WASHINGTON — Sen. Jeff Bingaman, D-NM, has introduced legislation in the U.S. Senate to create federal tax credits of up to 30% for projects that increase water efficiency in manufacturing plants.
Sens. Olympia Snowe, R-ME, and Dianne Feinstein, D-CA, are co-sponsoring the bi-partisan proposal in the Senate.
Called the Expanding Industrial Energy and Water Efficiency Incentives Act of 2012, the bill would amend the Tax Code to encourage investments in reuse, recycling, and efficiency measures for process, sanitary, and cooling water for industrial and manufacturing facilities. Tax credits would range from 10% for projects that increase efficiency between 25% and 49% up to a 30% tax credit for projects that increase efficiency by 75% or more.
The legislation creates tax incentives in four critical areas — water reuse, advanced motors with adjustable speed drives using process control and connection to Smart Grid, chillers, and highly efficient thermal biomass — and enhances incentives for combined heat and power (CHP) systems.
“A landmark study on energy efficiency found that the industrial sector represents the largest potential for increasing energy efficiency in the country,” Bingaman said. “Such improvements could save American companies $47 billion annually in energy costs. This bill offers focused, short-term incentives to help the industrial and manufacturing sectors make the next generation of efficiency investments necessary for these sectors to remain globally competitive and continue to push innovation.”
Feinstein called the water efficiency tax credits “the sort of policy we desperately need to reduce water waste while supporting our industrial base.”
Specifically, the bill does the following:
- Establishes $120 per horsepower tax credit for manufacturers that incorporate advanced motor systems — those that offer variable or multiple speed operation and use a set of approved technologies — into new or redesigned appliances, machines or equipment.
- Establishes an Industrial Process Water Use Project Credit for investments in reuse, recycling and efficiency measures related to process, sanitary, and cooling water for industrial and manufacturing facilities. The U.S. currently re-uses only 6% of its water, and there is significant potential for gains in this area.
- Establishes an incentive for facilities to retire and replace old chillers that are still using outdated and banned refrigerants. The bill establishes a credit of $150 per ton, plus an additional incentive of $100 for each ton downsized during replacement.
- Establishes a tiered investment tax credit for highly efficient thermal biomass incentives: 15% for systems that achieve 65% or greater efficiency and 30% for systems that achieve 80% or greater efficiency.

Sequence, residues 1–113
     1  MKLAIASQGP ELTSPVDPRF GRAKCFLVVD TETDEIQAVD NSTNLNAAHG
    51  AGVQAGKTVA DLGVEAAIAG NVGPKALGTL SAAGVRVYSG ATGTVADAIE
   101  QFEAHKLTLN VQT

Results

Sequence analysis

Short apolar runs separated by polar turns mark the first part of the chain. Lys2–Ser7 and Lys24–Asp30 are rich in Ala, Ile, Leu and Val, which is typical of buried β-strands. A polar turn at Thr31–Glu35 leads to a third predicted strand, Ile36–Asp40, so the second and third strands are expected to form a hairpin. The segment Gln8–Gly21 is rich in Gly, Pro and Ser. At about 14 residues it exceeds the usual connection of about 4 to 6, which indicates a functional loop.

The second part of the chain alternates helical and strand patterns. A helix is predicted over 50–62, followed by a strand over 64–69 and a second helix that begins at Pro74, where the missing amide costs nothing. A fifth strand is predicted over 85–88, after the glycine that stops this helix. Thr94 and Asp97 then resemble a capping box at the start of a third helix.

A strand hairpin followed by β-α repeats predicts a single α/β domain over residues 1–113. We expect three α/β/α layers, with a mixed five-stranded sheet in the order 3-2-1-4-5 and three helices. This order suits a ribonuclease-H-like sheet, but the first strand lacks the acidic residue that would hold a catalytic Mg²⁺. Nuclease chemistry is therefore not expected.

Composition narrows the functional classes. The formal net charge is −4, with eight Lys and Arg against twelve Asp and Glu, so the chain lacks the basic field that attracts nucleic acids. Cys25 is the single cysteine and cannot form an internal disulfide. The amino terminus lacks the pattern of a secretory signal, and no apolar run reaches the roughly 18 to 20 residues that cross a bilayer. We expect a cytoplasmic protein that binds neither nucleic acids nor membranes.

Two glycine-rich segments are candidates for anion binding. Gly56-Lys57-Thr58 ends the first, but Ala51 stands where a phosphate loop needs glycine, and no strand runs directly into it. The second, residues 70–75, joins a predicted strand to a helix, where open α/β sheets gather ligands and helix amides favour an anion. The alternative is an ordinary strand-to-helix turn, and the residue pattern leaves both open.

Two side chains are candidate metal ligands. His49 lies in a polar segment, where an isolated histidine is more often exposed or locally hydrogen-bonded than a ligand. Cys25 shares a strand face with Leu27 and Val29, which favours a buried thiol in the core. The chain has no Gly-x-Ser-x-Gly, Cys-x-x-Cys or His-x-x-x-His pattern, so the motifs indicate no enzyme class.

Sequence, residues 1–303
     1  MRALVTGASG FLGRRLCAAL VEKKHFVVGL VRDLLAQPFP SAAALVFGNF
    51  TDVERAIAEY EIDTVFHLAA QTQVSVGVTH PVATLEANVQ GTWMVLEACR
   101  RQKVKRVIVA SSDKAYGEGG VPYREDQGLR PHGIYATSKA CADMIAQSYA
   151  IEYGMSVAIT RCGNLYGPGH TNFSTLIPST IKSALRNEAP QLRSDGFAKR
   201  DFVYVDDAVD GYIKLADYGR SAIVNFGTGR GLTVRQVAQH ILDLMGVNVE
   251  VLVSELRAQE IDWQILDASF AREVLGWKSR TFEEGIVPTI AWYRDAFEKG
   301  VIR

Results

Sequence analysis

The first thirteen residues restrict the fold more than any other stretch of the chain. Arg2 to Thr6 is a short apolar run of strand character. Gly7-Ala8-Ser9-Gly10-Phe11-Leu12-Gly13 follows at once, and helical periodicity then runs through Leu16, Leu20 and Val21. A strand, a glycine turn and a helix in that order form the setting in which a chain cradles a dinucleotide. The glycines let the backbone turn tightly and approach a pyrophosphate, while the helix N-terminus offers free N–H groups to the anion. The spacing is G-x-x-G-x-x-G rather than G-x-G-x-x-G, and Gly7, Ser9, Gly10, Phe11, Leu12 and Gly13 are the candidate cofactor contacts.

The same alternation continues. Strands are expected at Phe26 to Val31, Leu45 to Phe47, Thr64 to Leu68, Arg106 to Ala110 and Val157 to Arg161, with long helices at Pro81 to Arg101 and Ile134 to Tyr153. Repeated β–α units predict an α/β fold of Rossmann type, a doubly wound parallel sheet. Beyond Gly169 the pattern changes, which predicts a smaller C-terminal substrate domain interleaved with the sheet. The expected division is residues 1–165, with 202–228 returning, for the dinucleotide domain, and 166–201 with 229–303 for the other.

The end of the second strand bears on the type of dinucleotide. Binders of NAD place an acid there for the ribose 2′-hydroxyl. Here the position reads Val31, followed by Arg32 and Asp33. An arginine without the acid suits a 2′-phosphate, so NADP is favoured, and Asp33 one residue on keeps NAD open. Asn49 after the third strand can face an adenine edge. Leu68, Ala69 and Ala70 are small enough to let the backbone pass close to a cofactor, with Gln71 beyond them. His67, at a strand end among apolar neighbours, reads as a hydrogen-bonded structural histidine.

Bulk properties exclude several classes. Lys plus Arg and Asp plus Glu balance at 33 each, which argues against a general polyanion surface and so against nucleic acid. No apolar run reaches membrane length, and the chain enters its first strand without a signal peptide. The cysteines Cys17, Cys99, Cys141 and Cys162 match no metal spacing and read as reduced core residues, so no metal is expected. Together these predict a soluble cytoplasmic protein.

The bill also improves upon an existing tax credit that Congress enacted in 2008 for combined heat and power systems. It expands the credit’s applicability from the first 15 megawatts to the first 25 megawatts of system capacity and removing the overall system size cap of 50 megawatts.
The bill has been endorsed by the Alliance for Water Efficiency, American Council for an Energy-Efficient Economy, the Alliance to Save Energy, the Pew Charitable Trusts, U.S. Combined Heat and Power Association, the Air Conditioning, Heating, & Refrigeration Institute, the National Electrical Manufacturers Association, and the Biomass Thermal Energy Council.
The bill was sent to the Senate Finance Committee, where Bingaman chairs the Subcommittee on Energy, Natural Resources and Infrastructure. No hearings have so far been scheduled.
Meanwhile, over in the House of Representatives, Rep. Eddie Bernice Johnson, D-Texas, introduced legislation to require $300 million in new federal research into the energy-water nexus and to create a new White House initiative on water policy.
“Water availability and quality are essential for public health and a strong economy,” Rep. Johnson said in introducing her legislation on the House floor. “But demands for and threats to these resources are growing.”
“Whether it is billions of dollars in lost revenue for our agricultural sector or reduced electric reliability due to low cooling water supplies for power plans, the country is already feeling the impacts of reduced water availability and quality,” she added.
Her proposals are contained in two bills, both of which were immediately referred to the House Committee on Science, Space and Technology.
One measure, The Energy and Water Research Integration Act of 2012 (H.R. 5827) focuses attention on the energy-water nexus — the energy required to provide reliable water supplies and the water required to provide reliable energy supplies. The legislation would direct the Secretary of Energy to include water considerations in the Energy Department’s energy research and to minimize freshwater withdrawal and consumption, increase water use efficiency, and utilize nontraditional water sources.
The legislation would authorize $300 million over five years for this research and an additional $10 million to fund a new Energy-Water Architecture Council to help coordinate and promote better energy and water data collection.
The second bill, The Coordinating Water Research for a Clean Water Future Act of 2012 (H.R. 5826) would elevate the importance of water research by creating a National Water Research and Development Initiative at the White House Office of Science and Technology Policy. The goal is to increase the federal government’s role in coordinating federal water research activities to identify and address changes in water use, quality, supply, and demand.
“We applaud Rep. Johnson’s efforts to address crucial issues of water use, particularly regarding the important energy-water nexus,” said Mary Ann Dickinson, president and CEO of the Alliance for Water Efficiency. “The relationship and interdependence of water and energy are all too often forgotten in research and policy decisions.”